LAGRANGE – A large protest by about 40 animal rights activists outside the LaGrange County office building has failed to derail a request by two men for a land use waiver they need to build a new commercial dog breeding facility outside of LaGrange.
The group, chanting “No more puppy mills,” hoped to convince members of the county’s zoning appeals board to deny a claim by cousins LaVern and Ezra Whetstone for variance on a 59-acre property located east of 2275 ECR 150N. The couple recently purchased land to build two new homes and a commercial dog farm. They were accompanied at the public hearing by their wives and their attorney, Steve Clouse of Albion.
The Whetstones are partners in Outback Canine, LLC, a commercial dog breeding company. They breed and breed French and English Bulldogs, as well as Boston Terriers and Poodles.
LaVern Whetstone currently operates a facility outside of LaGrange that is USDA and state licensed to hold 75 breeding females. Ezra Whetstone currently lives just outside the city of Rome, where he has a licensed facility for 40 breeding dogs. The couple say they are combining their resources by building two new homes and a livestock facility on the land they bought last year. Together they have been breeding dogs and selling puppies for over 15 years.
Clouse began his remarks to the board by saying that his clients were not puppy mill breeders, but animal welfare advocates.
“They are against puppy mills,” he said. “This is not a new breeding facility in the area. These gentlemen are already commercial dog breeders.
Clouse described Whetstone’s plan to build two new homes, two kennels and the breeding facility as a half-million dollar investment in the community.
He was quick to point out that both Whetstones are licensed by the USDA as well as the State of Indiana, are members in good standing of the Indiana Council on Animal Welfare, and are voluntary members. from Purdue University’s canine care program. Clouse said Whetstone’s facilities often exceed breeder standards and called their business ethics “impeccable” as well as the “gold standard” of the industry.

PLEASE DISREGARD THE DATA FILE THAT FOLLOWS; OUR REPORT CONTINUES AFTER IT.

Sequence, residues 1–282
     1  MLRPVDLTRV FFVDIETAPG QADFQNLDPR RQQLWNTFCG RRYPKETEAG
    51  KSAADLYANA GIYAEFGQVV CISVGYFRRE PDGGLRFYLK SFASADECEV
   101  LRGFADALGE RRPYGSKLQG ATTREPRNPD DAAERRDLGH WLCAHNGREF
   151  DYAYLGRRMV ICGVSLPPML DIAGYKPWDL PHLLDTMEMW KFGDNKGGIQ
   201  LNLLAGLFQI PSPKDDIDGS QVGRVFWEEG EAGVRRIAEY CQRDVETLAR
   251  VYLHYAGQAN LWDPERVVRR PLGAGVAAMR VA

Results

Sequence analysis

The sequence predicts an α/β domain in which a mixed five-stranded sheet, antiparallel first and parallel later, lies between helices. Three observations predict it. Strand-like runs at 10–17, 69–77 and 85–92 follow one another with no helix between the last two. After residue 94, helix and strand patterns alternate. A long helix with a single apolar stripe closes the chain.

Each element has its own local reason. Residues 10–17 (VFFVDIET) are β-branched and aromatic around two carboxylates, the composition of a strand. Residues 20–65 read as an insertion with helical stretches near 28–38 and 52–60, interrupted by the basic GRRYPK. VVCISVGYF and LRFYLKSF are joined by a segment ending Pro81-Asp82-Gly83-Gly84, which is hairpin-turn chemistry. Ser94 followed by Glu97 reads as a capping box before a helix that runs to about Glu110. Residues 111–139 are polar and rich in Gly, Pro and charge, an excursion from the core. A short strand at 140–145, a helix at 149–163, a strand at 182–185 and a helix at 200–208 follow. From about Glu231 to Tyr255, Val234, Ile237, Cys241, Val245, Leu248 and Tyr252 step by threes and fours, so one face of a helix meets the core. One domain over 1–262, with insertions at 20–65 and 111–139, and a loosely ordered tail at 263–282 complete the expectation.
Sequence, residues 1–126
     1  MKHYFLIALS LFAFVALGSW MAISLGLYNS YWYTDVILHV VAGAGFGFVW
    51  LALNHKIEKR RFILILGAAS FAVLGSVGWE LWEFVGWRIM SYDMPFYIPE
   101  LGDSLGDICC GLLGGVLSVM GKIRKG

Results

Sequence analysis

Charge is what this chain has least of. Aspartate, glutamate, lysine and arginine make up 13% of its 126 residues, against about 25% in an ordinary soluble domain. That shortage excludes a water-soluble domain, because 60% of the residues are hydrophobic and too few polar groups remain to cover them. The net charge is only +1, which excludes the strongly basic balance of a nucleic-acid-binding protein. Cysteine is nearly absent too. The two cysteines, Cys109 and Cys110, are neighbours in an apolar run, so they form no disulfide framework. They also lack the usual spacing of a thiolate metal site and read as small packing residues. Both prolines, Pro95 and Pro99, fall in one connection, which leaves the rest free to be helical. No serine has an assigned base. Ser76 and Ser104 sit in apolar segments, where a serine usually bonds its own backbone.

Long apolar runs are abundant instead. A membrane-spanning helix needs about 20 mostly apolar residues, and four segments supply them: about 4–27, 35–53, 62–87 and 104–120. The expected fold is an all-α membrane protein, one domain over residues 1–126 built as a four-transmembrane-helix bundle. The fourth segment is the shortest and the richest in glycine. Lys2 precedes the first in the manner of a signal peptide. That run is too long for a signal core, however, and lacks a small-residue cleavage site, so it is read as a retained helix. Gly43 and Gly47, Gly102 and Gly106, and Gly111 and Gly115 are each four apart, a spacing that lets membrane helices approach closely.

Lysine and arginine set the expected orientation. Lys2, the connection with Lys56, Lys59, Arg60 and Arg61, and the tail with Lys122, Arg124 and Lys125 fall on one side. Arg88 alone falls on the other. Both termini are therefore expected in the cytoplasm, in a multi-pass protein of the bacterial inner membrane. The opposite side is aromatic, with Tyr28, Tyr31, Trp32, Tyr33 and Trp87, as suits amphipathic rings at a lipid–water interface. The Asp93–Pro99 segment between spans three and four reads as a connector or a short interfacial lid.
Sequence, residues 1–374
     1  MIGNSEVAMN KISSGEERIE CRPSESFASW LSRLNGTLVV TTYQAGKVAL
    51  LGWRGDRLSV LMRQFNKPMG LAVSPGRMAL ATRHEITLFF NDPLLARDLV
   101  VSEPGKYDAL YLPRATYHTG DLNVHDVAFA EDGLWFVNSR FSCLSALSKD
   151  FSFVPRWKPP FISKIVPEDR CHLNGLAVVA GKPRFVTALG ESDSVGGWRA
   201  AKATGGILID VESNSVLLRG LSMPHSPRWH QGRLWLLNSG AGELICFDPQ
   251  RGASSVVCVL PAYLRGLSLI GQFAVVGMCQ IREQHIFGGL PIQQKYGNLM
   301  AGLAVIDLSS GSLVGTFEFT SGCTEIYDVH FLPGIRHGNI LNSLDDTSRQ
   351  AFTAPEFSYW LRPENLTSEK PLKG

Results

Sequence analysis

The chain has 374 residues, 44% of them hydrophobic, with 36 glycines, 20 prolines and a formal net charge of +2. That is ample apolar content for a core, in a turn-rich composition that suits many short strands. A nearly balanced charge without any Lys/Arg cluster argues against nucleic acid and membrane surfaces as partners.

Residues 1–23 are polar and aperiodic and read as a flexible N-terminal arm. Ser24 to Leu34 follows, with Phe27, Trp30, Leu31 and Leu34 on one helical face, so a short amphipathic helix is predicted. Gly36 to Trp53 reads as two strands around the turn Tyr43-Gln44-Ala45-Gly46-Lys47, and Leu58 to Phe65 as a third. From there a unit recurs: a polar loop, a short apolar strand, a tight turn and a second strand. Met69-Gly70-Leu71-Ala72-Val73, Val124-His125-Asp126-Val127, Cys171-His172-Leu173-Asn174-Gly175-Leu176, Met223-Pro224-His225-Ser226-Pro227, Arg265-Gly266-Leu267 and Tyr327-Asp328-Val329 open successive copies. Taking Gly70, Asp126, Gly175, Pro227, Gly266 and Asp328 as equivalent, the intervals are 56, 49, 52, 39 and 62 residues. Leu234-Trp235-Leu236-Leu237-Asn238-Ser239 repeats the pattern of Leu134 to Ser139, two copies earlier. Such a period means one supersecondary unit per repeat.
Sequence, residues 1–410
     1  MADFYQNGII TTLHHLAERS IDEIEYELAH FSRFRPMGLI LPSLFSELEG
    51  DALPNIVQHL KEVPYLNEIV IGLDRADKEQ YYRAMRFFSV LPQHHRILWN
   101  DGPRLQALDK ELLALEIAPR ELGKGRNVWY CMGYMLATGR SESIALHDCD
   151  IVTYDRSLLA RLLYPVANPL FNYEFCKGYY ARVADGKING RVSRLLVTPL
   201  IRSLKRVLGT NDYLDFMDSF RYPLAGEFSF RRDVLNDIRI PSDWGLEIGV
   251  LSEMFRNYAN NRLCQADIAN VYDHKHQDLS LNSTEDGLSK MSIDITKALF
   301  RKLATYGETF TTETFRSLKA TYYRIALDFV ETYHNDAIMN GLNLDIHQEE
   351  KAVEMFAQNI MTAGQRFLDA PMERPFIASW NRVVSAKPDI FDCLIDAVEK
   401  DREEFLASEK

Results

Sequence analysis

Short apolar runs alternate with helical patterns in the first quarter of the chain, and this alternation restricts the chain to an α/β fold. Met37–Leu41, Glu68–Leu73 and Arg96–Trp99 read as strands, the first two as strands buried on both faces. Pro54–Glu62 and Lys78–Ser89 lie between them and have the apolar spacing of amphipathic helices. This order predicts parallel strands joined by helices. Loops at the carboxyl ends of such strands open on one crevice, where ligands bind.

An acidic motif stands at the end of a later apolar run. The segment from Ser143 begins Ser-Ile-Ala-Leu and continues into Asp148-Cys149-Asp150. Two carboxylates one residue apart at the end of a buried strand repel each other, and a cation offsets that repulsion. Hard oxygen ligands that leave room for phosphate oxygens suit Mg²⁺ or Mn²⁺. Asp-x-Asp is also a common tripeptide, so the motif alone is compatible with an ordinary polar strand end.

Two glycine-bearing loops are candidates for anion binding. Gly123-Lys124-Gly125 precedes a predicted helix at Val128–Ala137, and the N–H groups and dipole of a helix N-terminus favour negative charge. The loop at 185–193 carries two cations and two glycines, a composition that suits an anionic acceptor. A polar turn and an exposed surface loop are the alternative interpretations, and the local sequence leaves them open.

“Not at all what you see on TV when they talk about puppy mills,” he said. “These men do it well.”
LaGrange’s veterinarian Krystle King also appeared on behalf of the Whetstones, who said she helps rehome the Whetstones’ dogs when their breeding career comes to an end.
Clouse said the reason for the new business plan is so that each man can help the other.
“All they want is to combine their efforts to make it even better,” he added.
Clouse also said the homes and livestock facility will be located in the middle of the property, saying this will mitigate any impact the facility may have had on neighboring properties.
But many of their neighbors didn’t see it that way.
Gary Litke, who said his ownership clashed with Whetstones land, hired LaGrange’s attorney, Larry Helmer, to appear before the board and oppose the proposal.
“We object to the board granting the waiver,” Helmer said as he began his remarks.
Helmer said his client believes that adding 100 dogs to a confined area not only creates cruelty to dogs, but also because the barking and litter generated is detrimental to public health and general well-being. from the community.
“My client is concerned about the effect this will have on his future health, as well as the health of his neighbours,” he said.
Helmer has repeatedly referred to the proposed breeding facility as a puppy mill. He then presented documents created by a national animal rights organization that suggest LaGrange and Elkhart counties now lead the country in the number of dog breeding operations that it classifies as puppy mills.
None of the protesters were allowed to participate in the public hearing. LaGrange County Sheriff Jeff Campos, who had several officers on hand, said that due to the coronavirus pandemic and in order to maintain social distancing, only relevant parties were allowed in the meeting room.
The board ultimately approved Whetstone’s request.
Lisa Fletter, who runs the Indiana Humane Advocates Facebook page and is helping organize the protest outside the building, said she never thought protesters could prevent the waiver from being granted. Instead, she said, she hoped it would help raise awareness of the extent of the puppy mill problem in LaGrange County.
Fletter said she was frustrated that none of the protesters were allowed to speak to the board.
Fletter said his ultimate goal is to change Indiana’s dog breeding laws so they are fair to dog and breeder and ultimately enforceable.
She pointed to a recent incident at a horse farm in Howe, where many animals were seized, as evidence of the extent of the problem in LaGrange County and the limitation of animal welfare laws in this regard. moment.
“They’ve had five years of complaints on this property,” she said. “It took the animal people finally putting enough pressure on the authorities to get something done about it.”